The Health Care M&A Monthly: Express Scripts Buys NextRx--

$4.7 Billion Deal Makes ESRX Number Two PBM

Somewhat unusually, given recent trends in the health care M&A market, April’s largest deal occurred in one of the services sectors. More predictable, however, is that the assets involved in the deal would be crucially linked with pharmaceuticals. Express Scripts (NASDAQ: ESRX) announced its acquisition of NextRx, the pharmacy benefits manager, or PBM, business of the health insurer WellPoint (NYSE: WLP), for approximately $4.7 billion.

Based in St. Louis, Missouri, Express Scripts provides pharmacy benefit and medical information management services; it currently covers 50 million lives. On a trailing 12-month basis, the company generated $22.0 billion in revenue, $1.4 billion in EBITDA and $880.0 million in net income.

Until this deal, Express Scripts ranked third among national PBMs, behind the leader CVS-Caremark (NYSE: CVS), with its RxAmerica, LLC PBM business, and the runner-up MedcoHealth Solutions (NYSE: MHS). Comparisons of the top three are a bit dicey due to the fact that while MedcoHealth and Express Scripts are pure-play PBMs, CVS has a retail pharmacy segment, as well. CVS generates about $82.0 billion in revenue, about half of which comes from its pharmacy services segment while MHS generates annual revenue of about $51.0 billion. Other competitors include large managed care organizations (MCOs), which provide proprietary PBM services, or so the theory goes, to lower costs to the enrollees in their managed care plans.

But the MCO-PBM hybrids operate at something of a disadvantage to their pure-play PBM competitors since an MCO tends to provide PBM services just to its own enrollees, not to those of other MCOs. After all, competitors are unlikely to contract for your PBM product just to give you a leg up in the market. Accordingly, it makes sense to divest if your PBM program isn’t helping drive new clients to your business. This is probably part of the reasoning that prompted WellPoint to mull over divesting its NextRx PBM business. With 25 million members and EBITDA of about $1.0 billion, NextRx is the fourth largest PBM in the country. WellPoint has found a willing buyer in Express Scripts: the company was stymied in its attempt two years ago to acquire Caremark, which ultimately went to CVS in a deal valued at $26.5 billion and no acquisition premium.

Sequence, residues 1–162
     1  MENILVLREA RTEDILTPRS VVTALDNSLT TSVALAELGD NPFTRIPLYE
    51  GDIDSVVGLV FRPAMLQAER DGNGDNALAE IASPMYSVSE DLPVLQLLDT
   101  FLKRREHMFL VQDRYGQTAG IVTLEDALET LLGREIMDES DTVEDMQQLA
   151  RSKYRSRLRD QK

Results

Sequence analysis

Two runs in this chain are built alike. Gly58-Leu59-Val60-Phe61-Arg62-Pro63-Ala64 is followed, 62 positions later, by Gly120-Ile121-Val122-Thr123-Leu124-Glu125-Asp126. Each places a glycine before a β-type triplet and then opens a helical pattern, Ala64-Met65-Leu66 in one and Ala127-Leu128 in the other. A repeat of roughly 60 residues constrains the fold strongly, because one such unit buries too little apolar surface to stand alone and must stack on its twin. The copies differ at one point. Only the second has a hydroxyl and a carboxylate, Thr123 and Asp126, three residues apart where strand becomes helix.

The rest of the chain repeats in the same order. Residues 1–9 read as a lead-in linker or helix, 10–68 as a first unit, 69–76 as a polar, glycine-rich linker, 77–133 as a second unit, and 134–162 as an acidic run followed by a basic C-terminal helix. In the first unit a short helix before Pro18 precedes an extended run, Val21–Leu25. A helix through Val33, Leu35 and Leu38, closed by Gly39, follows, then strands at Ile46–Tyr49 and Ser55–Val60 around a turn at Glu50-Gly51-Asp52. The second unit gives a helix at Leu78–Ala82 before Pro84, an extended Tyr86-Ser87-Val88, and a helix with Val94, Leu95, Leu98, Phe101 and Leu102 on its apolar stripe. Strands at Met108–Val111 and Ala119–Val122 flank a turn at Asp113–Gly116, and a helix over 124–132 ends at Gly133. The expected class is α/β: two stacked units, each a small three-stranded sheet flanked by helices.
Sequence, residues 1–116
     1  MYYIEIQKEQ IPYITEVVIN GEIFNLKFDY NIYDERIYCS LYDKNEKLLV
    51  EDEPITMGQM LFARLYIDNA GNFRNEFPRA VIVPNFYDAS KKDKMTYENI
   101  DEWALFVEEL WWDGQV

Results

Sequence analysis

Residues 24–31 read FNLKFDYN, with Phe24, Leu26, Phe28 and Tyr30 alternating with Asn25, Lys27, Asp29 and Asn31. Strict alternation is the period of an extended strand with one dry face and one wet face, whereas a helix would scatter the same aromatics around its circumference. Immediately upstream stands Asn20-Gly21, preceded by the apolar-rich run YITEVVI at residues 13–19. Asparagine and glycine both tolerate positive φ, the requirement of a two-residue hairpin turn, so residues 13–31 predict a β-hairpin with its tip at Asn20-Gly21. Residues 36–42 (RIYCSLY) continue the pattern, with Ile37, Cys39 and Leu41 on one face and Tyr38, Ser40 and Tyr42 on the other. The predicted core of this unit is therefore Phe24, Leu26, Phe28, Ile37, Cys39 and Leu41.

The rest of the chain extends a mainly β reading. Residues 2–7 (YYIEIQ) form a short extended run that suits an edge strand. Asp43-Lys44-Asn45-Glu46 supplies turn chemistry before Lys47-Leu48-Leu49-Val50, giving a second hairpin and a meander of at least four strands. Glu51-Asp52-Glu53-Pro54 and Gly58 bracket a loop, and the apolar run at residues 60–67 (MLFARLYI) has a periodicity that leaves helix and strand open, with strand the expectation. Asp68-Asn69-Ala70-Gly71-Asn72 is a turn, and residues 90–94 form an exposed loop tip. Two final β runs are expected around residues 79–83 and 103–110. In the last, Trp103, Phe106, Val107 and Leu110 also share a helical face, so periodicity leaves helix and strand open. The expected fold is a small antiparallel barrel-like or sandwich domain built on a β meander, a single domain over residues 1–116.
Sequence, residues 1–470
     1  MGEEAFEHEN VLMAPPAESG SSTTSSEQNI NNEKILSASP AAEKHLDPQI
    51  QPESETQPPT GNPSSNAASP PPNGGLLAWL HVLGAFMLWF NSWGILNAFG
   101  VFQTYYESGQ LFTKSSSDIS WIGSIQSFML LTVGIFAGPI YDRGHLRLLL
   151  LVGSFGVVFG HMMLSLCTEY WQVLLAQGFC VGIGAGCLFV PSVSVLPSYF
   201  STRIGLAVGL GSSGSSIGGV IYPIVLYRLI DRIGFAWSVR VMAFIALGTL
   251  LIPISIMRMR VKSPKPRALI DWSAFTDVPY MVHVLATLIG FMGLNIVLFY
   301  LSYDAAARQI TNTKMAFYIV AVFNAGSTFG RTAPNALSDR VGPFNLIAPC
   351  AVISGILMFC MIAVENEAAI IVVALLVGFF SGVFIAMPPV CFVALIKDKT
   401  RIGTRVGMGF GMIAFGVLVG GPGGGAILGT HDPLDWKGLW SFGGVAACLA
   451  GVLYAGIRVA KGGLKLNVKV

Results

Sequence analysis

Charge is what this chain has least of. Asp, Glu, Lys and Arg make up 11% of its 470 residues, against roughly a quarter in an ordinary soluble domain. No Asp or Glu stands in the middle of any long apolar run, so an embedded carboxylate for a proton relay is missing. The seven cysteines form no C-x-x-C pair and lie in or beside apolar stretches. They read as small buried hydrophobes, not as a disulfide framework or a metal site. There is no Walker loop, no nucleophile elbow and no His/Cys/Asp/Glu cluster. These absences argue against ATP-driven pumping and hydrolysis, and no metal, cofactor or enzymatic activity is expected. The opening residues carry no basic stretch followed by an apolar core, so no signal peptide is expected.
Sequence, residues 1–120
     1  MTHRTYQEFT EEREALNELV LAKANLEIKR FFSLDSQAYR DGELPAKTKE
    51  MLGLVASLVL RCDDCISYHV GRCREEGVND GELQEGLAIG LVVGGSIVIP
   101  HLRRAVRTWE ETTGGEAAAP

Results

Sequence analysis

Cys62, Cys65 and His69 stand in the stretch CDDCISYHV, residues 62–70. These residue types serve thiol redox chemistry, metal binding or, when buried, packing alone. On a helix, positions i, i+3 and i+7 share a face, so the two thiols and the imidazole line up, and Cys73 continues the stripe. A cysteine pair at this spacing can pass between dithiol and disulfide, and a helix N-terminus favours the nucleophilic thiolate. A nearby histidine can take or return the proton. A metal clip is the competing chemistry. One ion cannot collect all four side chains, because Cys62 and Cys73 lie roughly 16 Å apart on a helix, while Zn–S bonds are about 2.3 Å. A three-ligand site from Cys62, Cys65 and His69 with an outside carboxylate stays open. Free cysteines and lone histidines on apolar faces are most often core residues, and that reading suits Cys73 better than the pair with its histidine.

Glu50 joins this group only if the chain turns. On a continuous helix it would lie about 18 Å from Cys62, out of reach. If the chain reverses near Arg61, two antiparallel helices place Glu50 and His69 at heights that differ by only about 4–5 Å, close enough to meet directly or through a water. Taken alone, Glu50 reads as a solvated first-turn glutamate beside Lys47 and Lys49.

As a result of this transaction, WellPoint, the country’s largest publicly traded health insurer by membership, will move that much closer to being a pure-play MCO. The company plans to use $2.0 billion of the sales proceeds to buy back stock, $500.0 million to pay down debt and $375.0 million for other corporate purposes. Express Scripts is offering $4.68 billion consisting of a combination of cash and up to $1.4 billion in shares of ESRX stock. The agreement includes a 10-year strategic alliance and contract for ESRX to provide PBM services to WellPoint’s membership. This will prevent erosion of the membership that ESRX inherits from WLP and will allow both parties to benefit from ESRX’s new economies of scale. Once consummated, ESRX will have 75 million PBM members, an increase of 50% of its membership that catapults it into second place ahead of MedcoHealth. The acquisition multiples are 4.7x EBITDA and $187 per member. Citigroup provided ESRX with financial advice, assisted by Credit Suisse Group AG and JPMorgan Chase & Co. Legal advice was provided by Skadden, Arps, Slate Meagher & Flom LLP. The deal has a break-up fee of $50.0 million.

As the dust from this deal settles, further consolidation within the PBM industry will most probably avoid a merger among the top three: CVS, ESRX and MHS. Any deal of this scope is guaranteed to attract the scrutiny—and censure—of federal antitrust regulators. We therefore expect that M&A activity in this industry in the near future will most likely involve smaller, add-on acquisitions.

And the ESRX-WLP deal may well set the paradigm for future dealmaking. At the very least, we believe that it will lead other large insurers, such as UnitedHealth Group, (NYSE: UNH), Aetna (NYSE: AET) and Cigna (NYSE: CIG), to fire up their calculators, punch in the cost-benefit analysis and ponder the strategic options for their in-house PBM operations.